Thursday, May 24, 2007

So Stupid...

...I had to write it.

Apparently last year there was an American Airlines flight where people started to complain about a smell much like matches burning. Fear of a part malfunction or worse, the plane made an emergency landing in Nashville and everyone was taken of the plane. After a sweep of the plane they did find burnt matches, a pile of them under a seat. They found the woman who's seat it was and asked what it was all about. Apparently she had gas and didn't want anyone to know/smell it, so she decided to burn matches on a plane to cover the smell.

She's not allowed to fly with AA anymore...


Saturday, May 19, 2007

What We Can Learn From Antarctica

Just wondering if people have been watching the news with the south pole. It's quite interesting.

First, science has again proven how it's assumptions can be wrong. Since the north pole was explored underwater and it was cold and desolate and no new creatures were found, people thought that the south pole would be the same. That is until someone sponsered a research team to go. Tons of new creatures were discovered, things we've never even seen anything like before. Instead of taking guesses, maybe we should look for facts.

The other one, for those that don't know, the Southern Ocean absorbs a lot of the excess carbon dioxide in the air, right now holding about 1/4 of the earth's CO2. Problem is though we've managed to fill it. The water cannot hold anymore since apparently in the last few hundred years we've managed to pump an extra 50 billion tons of carbon dioxide in the air through pollution (think that's more pounds of pollution than Bill Gates has dollars.) The sad part is, what are you as an individual doing to rectify that problem? America is one of the biggest contributors, we use 40% of the world's resources for less than 5% of the world's population.

So take some lessons from the land of penguins. We don't know all we think we do and we can't guess truth, and if we don't start changing some of our habits soon, it won't matter anyway...


Tuesday, May 15, 2007

Traffic Solution

In the interest of our time travel discussion and Rich Clark's question about Sumerians or Romans, I found this that I found funny.

So we all hate traffic, of course. Apparently during 200-250 AD, the city of Rome was over 1 million people and had the same problem. So Julius Caesar came up with a solution. No wheeled vehicles were allowed in Rome during daylight hours.

Can you imagine that flying today? Actually, what I realized would stink is that poor idiot who left home for a two hour ride to Rome, then had to wait until dark to bring his chariot into the city, or park it outside the wall where he'll be nowhere near it and hope no one steals it, outside the city, behind the wall...

Be happy you get to drive where you need to go!


Wednesday, May 09, 2007

When Would You Go?

This morning I was reading about real people who have claimed they have time travelled. Quite interesting. A high up Catholic that had a magic box (like a TV set) that allowed him to only look and hear other times (like a TV set) and was worked with two magical dials to pick the time you wished to visit (like a TV set). There was another guy who claims to have come back from 2036 to find a piece of technology needed in the future that was wiped out by a nuclear bomb in 2015. All sorts of stories of people who "really travelled through time."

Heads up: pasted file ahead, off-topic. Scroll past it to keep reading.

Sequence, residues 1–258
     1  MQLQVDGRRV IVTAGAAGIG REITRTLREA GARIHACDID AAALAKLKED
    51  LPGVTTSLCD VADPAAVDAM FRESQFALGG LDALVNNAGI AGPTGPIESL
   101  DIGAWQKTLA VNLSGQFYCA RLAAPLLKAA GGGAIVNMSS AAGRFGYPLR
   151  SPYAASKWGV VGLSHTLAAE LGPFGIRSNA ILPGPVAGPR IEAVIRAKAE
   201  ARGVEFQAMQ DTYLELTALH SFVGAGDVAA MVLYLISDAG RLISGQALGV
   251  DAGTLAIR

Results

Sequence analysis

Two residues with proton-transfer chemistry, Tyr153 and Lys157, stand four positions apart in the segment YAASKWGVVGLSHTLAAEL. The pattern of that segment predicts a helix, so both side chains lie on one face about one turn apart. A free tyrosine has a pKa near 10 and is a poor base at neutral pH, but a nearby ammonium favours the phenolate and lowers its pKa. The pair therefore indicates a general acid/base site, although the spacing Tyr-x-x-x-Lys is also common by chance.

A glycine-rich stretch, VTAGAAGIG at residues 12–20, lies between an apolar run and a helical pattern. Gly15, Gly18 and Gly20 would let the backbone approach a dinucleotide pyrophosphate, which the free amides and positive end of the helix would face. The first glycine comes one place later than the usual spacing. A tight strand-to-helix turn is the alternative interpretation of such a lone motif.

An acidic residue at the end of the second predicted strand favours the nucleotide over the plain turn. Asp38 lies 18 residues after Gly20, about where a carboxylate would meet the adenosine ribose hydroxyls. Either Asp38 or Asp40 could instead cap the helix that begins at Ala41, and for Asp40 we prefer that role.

Then I started thinking about our fascination with time travel. HG Wells, Michael Crichton, Back To The Future, even Einstein mentioned not the ability to travel across time, but the ability to slow time down to you when you reach the speed of light so when you returned to normal speed, you would have aged a day while the world around you aged a century. Interesting...

So here's my question to those who discuss this on bulletin boards (believe it or not, some do!), where and when would you go? Leave comments here, or go to the discussion boards, but please, no Eloi or Morlocks.


Friday, May 04, 2007


The last few days a revelation has come to me. It's one of those ones that kind of hits you, but then over the next few days it becomes more and more apparent and possibly even easier to understand. It's not really a mystery, I should have seen it coming, I just never thought about it until the other night. And then again Wed. And then again tonight.

I enjoy being confused.

I know, that doesn't sound like it makes much sense (which adds to the confusion), but trust me, it's true. I like not knowing. I like trying to "figure it out." Then I like that moment, that all encompassing fleeting moment when comprehension suddenly kicks you in the back of the head and you do all you can to stop from shouting, "OH!"

I think part of the reason I like this feeling is because it reminds me I'm not in control. I don't know it all. I don't have it all figured out. Then, suddenly, this burst of intelligence sweeps in and for a small, tiny, insignificant microsecond, I feel as if I totally understand. Then something else happens and I'm back to square one.

And we admit it too. Well, most people. There's always that person that claims they saw the end of the movie coming (and I know, sometimes it's so Hollywood predictable I do too, but some people claim to know it every single time.) There are the people that know everything, even the answer to the question before it's posed. And somehow they enjoy that. But where's the adventure? Where's the mystery? Where's the excitement of life if you always know what's coming next?

And yet, for some incredibly strange reason, we can admit we didn't see the end of a movie coming, but we think we have God all figured out. Maybe that's why I love the end of Job (ch.36 on.) Read it today if you can, I love it. Especially one little verse at the start of the section...

Job 36:26a ~ "Look, God is greater than we can understand." (from a wise young man named Elihu)